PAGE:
Piazza del Duomo

 Location Piazza del Duomo
 Admission Cathedral, free; Bell Tower, 6 euro
 Hours Cathedral, Monday to Friday, 10:00 am – 5:00 pm (3:30 pm on Thursday) Saturday, 10:00 am – 4:30 pm Sunday, 1:30 pm – 4:30 pm Bell Tower, Monday to Sunday, 8:00 am – 7:00 pm
 Phone 390552302885

The Piazza del Duomo encompasses the Cathedral of Santa Maria del Fiore and the neighboring Campanile, two buildings that define the skyline of Florence. The Cathedral is known for its massive dome, while the Campanile, or Bell Tower, famously reaches over 275 feet tall. Although the structures are independent from one another, together they represent the focal point of Catholic Florence.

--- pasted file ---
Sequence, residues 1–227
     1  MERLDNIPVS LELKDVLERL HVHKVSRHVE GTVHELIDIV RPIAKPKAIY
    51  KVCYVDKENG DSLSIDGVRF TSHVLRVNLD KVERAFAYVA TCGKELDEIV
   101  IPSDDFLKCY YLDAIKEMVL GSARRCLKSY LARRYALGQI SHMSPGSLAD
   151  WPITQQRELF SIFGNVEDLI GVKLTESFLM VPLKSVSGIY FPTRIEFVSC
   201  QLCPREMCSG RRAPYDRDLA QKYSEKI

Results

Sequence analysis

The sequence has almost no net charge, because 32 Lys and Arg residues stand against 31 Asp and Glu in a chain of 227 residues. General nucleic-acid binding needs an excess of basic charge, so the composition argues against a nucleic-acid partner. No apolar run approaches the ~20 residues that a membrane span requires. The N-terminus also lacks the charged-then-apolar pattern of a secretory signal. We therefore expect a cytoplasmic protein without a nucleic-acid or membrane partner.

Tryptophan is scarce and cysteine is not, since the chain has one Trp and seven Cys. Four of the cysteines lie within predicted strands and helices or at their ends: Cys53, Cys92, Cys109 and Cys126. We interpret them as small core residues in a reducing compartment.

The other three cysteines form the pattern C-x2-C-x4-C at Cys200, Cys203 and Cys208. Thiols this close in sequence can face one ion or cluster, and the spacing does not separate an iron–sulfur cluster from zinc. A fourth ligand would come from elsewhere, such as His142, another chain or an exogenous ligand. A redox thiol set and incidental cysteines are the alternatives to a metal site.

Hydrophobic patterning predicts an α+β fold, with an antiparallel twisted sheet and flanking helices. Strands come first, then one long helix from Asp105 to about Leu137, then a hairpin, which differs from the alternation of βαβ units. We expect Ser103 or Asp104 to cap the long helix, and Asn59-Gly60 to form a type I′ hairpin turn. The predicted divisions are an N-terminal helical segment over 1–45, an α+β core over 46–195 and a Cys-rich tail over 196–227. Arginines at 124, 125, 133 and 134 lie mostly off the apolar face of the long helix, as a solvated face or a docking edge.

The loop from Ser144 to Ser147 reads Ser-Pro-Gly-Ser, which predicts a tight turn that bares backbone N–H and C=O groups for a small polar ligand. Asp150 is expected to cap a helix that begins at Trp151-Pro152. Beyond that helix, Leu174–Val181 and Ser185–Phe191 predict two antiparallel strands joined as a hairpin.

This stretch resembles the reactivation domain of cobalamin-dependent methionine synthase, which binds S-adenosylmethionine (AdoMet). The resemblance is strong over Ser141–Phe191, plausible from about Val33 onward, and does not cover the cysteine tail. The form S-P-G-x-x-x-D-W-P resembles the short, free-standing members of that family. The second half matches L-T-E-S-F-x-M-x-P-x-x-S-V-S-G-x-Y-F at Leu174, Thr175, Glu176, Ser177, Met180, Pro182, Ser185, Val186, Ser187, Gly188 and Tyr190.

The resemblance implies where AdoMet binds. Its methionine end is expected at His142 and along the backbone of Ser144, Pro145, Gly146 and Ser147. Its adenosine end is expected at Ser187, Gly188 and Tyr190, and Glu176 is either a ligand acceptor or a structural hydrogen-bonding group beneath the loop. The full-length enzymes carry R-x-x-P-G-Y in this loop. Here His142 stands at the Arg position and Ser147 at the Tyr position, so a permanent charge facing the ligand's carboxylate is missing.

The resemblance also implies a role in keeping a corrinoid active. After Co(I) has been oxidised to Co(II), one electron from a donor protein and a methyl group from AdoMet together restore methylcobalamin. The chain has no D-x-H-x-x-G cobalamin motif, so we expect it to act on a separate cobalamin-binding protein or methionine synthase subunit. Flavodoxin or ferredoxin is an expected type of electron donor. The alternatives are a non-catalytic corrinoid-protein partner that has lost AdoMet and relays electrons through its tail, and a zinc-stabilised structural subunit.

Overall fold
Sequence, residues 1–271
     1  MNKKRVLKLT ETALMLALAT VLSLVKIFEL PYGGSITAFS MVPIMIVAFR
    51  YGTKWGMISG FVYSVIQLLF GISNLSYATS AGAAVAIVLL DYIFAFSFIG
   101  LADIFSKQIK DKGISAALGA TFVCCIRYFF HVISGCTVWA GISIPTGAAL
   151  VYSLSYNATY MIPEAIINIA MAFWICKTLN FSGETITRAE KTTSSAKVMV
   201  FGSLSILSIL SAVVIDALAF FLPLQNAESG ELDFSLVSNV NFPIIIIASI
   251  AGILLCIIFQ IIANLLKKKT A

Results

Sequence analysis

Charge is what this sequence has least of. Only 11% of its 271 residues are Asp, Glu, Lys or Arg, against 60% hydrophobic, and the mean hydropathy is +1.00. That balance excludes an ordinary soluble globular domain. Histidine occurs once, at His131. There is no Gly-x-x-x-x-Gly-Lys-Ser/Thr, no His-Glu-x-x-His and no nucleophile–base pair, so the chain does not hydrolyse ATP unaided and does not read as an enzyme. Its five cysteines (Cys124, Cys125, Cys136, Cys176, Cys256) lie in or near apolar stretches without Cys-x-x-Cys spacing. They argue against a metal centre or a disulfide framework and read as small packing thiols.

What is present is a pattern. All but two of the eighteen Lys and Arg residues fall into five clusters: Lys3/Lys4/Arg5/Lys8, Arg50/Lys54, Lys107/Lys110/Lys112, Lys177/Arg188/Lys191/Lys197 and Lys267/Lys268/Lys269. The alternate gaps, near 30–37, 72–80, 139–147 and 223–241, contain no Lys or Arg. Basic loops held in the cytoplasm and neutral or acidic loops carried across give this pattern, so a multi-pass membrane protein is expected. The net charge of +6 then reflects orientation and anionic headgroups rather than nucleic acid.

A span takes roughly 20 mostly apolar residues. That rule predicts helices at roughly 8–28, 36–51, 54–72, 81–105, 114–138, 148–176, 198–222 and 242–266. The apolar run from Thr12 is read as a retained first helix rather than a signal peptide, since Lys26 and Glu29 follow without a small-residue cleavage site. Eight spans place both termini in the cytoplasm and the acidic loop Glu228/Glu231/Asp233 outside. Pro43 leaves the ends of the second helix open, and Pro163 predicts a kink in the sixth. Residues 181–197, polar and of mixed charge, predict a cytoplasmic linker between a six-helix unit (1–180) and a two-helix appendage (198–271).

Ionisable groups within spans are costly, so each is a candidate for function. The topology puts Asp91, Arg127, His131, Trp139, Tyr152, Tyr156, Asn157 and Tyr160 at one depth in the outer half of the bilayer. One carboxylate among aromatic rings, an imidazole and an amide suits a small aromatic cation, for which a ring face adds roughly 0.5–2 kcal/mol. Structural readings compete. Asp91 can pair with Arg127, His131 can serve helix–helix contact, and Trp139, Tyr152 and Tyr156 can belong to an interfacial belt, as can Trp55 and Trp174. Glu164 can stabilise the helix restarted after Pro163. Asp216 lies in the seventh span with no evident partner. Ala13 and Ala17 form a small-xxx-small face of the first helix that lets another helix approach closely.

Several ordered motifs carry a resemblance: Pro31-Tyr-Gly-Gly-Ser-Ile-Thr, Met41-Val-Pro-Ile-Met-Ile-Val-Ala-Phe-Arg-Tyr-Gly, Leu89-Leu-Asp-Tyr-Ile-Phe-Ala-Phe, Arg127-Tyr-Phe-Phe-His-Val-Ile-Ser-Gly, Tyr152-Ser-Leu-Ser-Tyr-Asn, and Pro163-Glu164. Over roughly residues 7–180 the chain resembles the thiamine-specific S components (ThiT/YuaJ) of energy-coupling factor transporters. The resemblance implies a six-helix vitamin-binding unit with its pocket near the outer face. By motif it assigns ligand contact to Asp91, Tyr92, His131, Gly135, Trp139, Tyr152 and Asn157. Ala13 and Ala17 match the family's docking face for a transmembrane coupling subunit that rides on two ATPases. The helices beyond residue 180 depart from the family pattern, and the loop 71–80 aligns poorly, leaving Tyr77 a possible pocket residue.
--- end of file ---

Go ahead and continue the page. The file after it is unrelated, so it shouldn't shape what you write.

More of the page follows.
The Cathedral of Santa Maria del Fiore was a work in progress for centuries, and the product of several artists and architects. It was commissioned to Arnolfo di Cambio in 1296 to replace the Church of Santa Reparta with a more impressive structure to represent the religious power of Florence. As intended, the Cathedral was the single largest Catholic Church in the world upon its completion in 1436. After 170 years, Giotto, Andrea Pisano, and Francesco Talenti, finally finished what began as the grand vision of Cambio. The green and white marble exterior is topped by a 130 foot wide wooden and brick dome. The dome emerged from the imagination of Talenti, but is the work of Brunelleschi and over four million bricks. Over several years, various artists contributed the interior’s numerous stained glass windows and mosaics. Some of the original décor still remains, however others were lost over time or moved to the Cathedral’s nearby museum.